Hands on with the Darbee Cobalt, part 1: Unboxing

Sometimes a sequel is as good as the original. Spider-Man 2 was a pretty darn good movie, for example. More often than not we get sequels that are watered down and derivative, not as satisfying as the first time.

We told you about the Darbee Cobalt when we previewed it at the Consumer Electronics Show. Now that we have a final production model, let’s see how it compares to the original Darblet. The Cobalt is quite a bit less expensive, but promises to have all that Darbee goodness baked in.

The Cobalt comes in plain white packaging with a few stickers to let you know what it is. This product isn’t the sort of thing that you’d get at a big box store so there isn’t a need for all the cost and trouble of a glossy box. The end user agreement is on a sticker on the bottom, so opening the box constitutes your acceptance of the terms.

Inside the box everything is cleanly packaged. The remote and Cobalt are visible with the small power adapter tucked behind a cardboard flap. Take everything out and you see…

The Cobalt itself looks like a blue version of the Darblet, and that’s not a bad thing. It’s not designed to be a showpiece but rather a useful piece of technology that does what it needs to do.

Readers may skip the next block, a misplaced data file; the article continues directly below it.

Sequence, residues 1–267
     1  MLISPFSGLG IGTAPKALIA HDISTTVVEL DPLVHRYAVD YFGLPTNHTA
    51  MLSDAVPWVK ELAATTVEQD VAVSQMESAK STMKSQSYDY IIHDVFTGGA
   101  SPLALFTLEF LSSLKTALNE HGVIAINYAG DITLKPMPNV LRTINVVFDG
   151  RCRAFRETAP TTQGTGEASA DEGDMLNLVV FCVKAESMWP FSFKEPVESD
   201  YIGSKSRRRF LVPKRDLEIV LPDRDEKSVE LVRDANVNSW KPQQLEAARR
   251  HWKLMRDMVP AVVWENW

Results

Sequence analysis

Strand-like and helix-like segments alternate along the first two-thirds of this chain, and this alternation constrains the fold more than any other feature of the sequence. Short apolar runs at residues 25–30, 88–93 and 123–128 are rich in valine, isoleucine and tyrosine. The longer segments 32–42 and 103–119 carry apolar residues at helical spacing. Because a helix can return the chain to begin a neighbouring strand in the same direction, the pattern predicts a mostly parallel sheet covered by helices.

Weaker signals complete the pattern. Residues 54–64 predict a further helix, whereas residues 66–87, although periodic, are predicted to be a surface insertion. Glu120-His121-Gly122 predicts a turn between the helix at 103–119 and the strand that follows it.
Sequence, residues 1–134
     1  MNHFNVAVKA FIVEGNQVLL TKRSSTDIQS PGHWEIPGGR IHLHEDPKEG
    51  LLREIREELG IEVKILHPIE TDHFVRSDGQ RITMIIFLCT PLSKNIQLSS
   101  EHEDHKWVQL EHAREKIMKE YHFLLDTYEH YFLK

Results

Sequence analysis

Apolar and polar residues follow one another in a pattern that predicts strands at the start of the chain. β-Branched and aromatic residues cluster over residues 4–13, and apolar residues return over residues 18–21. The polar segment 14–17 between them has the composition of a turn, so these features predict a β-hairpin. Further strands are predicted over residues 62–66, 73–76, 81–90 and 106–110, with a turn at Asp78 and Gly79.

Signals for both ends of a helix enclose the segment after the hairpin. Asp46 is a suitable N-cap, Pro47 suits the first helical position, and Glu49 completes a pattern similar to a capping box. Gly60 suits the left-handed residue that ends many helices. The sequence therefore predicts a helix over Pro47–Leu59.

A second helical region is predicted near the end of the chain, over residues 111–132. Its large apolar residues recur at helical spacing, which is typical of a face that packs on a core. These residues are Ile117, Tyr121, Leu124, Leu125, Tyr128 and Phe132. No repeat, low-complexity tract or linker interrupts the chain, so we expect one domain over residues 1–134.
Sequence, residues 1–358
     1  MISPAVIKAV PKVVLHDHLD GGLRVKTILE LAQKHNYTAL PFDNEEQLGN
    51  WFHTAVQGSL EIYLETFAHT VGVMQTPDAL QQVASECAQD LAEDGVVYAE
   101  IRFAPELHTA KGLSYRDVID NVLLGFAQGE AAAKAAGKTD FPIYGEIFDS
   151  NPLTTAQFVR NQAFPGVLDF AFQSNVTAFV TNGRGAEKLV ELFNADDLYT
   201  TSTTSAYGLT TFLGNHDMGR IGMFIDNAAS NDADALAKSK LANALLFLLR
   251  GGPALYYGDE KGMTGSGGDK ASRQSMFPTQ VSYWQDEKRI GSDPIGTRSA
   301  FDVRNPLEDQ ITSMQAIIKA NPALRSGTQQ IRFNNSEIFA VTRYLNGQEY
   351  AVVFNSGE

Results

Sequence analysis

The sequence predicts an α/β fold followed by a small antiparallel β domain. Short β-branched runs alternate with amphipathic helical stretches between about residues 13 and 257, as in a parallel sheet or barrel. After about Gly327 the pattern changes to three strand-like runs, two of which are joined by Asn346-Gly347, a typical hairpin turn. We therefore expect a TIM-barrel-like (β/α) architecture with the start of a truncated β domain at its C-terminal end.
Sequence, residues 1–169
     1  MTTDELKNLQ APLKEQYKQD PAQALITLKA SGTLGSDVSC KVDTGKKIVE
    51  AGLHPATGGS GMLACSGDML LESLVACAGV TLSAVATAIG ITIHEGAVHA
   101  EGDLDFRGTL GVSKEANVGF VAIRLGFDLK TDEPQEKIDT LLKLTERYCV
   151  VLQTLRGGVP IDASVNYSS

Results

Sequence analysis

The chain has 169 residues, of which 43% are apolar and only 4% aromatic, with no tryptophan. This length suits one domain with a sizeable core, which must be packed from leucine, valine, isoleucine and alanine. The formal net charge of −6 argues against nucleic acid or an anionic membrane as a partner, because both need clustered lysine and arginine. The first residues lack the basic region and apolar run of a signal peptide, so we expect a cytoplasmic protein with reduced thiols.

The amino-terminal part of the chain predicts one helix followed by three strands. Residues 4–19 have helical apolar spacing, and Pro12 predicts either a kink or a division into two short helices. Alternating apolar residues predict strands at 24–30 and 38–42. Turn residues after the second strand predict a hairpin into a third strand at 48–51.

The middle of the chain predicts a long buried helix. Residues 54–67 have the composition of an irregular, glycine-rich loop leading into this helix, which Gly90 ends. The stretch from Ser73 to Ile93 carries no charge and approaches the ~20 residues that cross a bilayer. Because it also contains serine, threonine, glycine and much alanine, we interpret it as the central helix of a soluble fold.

As for the remote, it’s not exactly a thing of beauty but it does function. It’s probably the same one as the Darblet, meaning that it’s IR and the codes can be learned into another device. If you’re a high-end techie, you’re probably going to do that anyway.

The power brick is small, small enough that it doesn’t get in the way. According to the silkscreening on the Cobalt, it puts out 5 volts meaning that if you had a little skill in soldering you could probably make up a cable that would run the Cobalt off an otherwise unused USB port. Of course that would be in violation of the warranty. There’s also an instruction card, not shown here.

Like the Darblet, the Cobalt has a basic smattering of buttons on the front.

This is a “tweener” accessory (which mercifully has nothing to do with Hannah Montana) meaning that you connect an HDMI cable to it from your device…

…and another HDMI cable from it to your TV. Neither HDMI cable is included but cheap HDMI cables are easy to find. It’s probably best to pick up a few when you get the Cobalt.

That’s about it for the unboxing. In the next part of our review, we’ll talk about how the Cobalt works and why you would (and wouldn’t) want this versus the Darblet.

About the Author

Stuart Sweet
Stuart Sweet is the editor-in-chief of The Solid Signal Blog and a "master plumber" at Signal Group, LLC. He is the author of over 8,000 articles and longform tutorials including many posted here. Reach him by clicking on "Contact the Editor" at the bottom of this page.